A lovely, moist bread, flavoured with rolled oats and honey, with a bit of whole wheat flour as well. Keeps fresh for days and makes great sandwich bread!
When it comes to bread, I love a loaf that delivers some whole grain goodness, but that also maintains a lovely soft crumb, like my Seeded Multigrain Sandwich Bread. This Honey Oatmeal Bread also falls very much into that camp, with a good bit of rolled oats and a touch of whole wheat flour added into the mix.
I love this loaf for its great flavour from the oats and honey, its tender, moist crumb and its rustic, oat-rolled appearance. This oatmeal bread keeps well, slices beautifully and makes the most fabulous sandwiches!
Here are the simple ingredients you will need for this bread …
- Rolled oats – the large-flake, old-fashioned rolled oats are best, though quick oats will work here as well.
- Whole wheat flour – regular whole wheat or white whole wheat are both fine
- All-purpose flour – unbleached recommended, but regular bleached is fine
- Honey – or alternately maple syrup or brown sugar
- Boiling water, salt and butter (or oil)
Step by Step Photos
- Step 1: Soak the oats in boiling water with the butter and salt, for 20-25 minutes.
- Step 2: Check the temperature of the mixture. Make sure it’s cooled to lukewarm, about 110F. If it’s too hot when you add your yeast, it will kill the yeast.
- Step 3: Add the proofed yeast mixture.
- Step 4: Add the whole wheat flour.
- Step 5: Add the honey.
- Step 6: Add the first cup of all purpose flour
- Step 7: Add another 1 – 1 1/2 cups all purpose flour until you have a moist dough that wraps around the hook and cleans the bowl a little.
- Step 8: Remove the dough to a floured surface and knead, adding just as much flour as need to prevent the dough from sticking.
- Step 9: Form dough into a ball.
- Step 10: Place dough into a greased bowl or measuring cup. Cover with plastic wrap.
- Step 11: Let dough rise until doubled.
- Step 12: Remove dough to a floured surface and gently deflate.
- Step 13: Form dough into a rough oval, about as long as the loaf pan.
- Step 14: Flip the dough over and pinch the sides into the centre, down the length of the loaf, pinching the ends in as well.
- Step 15: Flip back over right side up. Scatter some rolled oats on your work surface.
- Step 16: Lightly brush your loaf with water, then roll over the oats, coating top, sides and bottom of the loaf.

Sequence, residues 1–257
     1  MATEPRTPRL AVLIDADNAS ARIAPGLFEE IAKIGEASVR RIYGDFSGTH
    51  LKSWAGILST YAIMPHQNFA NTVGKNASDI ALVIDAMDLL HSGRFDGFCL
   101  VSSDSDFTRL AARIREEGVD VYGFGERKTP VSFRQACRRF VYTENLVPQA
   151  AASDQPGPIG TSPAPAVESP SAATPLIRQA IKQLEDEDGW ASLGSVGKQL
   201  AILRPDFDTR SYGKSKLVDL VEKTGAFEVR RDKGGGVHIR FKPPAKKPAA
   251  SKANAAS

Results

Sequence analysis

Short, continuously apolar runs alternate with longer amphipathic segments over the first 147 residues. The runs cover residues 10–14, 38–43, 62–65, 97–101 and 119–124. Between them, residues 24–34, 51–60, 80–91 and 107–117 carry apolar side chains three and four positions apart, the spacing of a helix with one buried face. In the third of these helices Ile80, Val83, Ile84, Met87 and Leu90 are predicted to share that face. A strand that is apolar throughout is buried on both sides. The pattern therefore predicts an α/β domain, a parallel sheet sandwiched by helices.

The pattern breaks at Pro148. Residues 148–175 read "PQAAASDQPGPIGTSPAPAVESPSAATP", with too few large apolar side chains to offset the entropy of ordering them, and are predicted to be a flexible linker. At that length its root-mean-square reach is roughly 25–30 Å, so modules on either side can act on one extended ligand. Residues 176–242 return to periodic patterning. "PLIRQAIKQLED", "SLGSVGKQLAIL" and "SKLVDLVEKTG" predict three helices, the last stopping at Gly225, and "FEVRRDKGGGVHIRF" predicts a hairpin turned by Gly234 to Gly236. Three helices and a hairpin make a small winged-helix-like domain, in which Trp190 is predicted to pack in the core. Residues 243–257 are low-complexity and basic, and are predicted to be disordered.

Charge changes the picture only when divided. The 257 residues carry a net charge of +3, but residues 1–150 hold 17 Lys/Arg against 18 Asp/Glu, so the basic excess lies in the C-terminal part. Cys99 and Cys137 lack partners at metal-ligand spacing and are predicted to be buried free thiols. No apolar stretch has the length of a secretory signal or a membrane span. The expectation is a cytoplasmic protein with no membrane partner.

- Step 17: Place loaf into a greased 8×4-inch loaf pan. Cover with a greased piece of plastic wrap.
- Step 18: Let loaf rise until doubled. Remove plastic wrap and bake.
If you are new to bread making, I highly encourage you to check out my Getting Started With Yeast Bread Baking resource page, to get a good understanding of the process of making homemade bread.
This loaf will need a solid 45 minutes in the oven or until it reach at least 200F internal temperature when tested with an instant read thermometer. Be sure you are inserting the thermometer in the dead centre of the loaf for the most accurate reading. It shouldn’t over-brown in that time, but check your loaf at about 35-40 minutes and if it seems in danger of over-browning, lay a sheet of aluminum foil loosely over-top for the last part of baking.
This bread will keep well stored well wrapped on the counter for several days. This bread will also freeze beautifully up to 3 months, though it will be best used within about 1 month.
The addition of soaked oatmeal to this bread produces a lovely, moist loaf, but it also means the loaf will need longer to bake off some of that moisture. This loaf will need at least 45 minutes in the oven, which is quite a bit longer than most bread loaves. A thermometer is best for testing done-ness, but if you don’t have a thermometer, err on the side of leaving it in the oven a few minutes longer, rather than rushing it out, to ensure you don’t end up with a loaf with an under-done middle.
Get the Recipe: Honey Oatmeal Bread
- 1 1/4 cups (284 ml) boiling water
- 3/4 cup (171 ml) large-flake rolled oats, plus more for coating
- 1/2 tsp (3 g) fine salt
- 2 Tbsp (28 g) butter, or vegetable oil
- 1/3 cup (75 ml) honey
- 1/4 cup (57 ml) lukewarm water
- 2 1/4 tsp (7 g) active dry yeast
- 1/2 cup (60 g) whole wheat flour, (or more all purpose flour)
- 2 1/2 - 3 cups (300-360 g) all purpose flour, approximately
- Boil some water and measure out 1 1/4 cups. Add to a large bowl or the bowl of a stand mixer. Add the rolled oats, salt and butter and stir to combine. Let stand 20 minutes, to soak and cool. *Be sure your mixture has cooled enough before you add your yeast to the bowl. If it's too hot, you will kill your yeast. Use a thermometer to test the temperature. It should be around 110F before you add the yeast. If you don't have a thermometer, let cool 5 minutes more and make sure it's just lukewarm.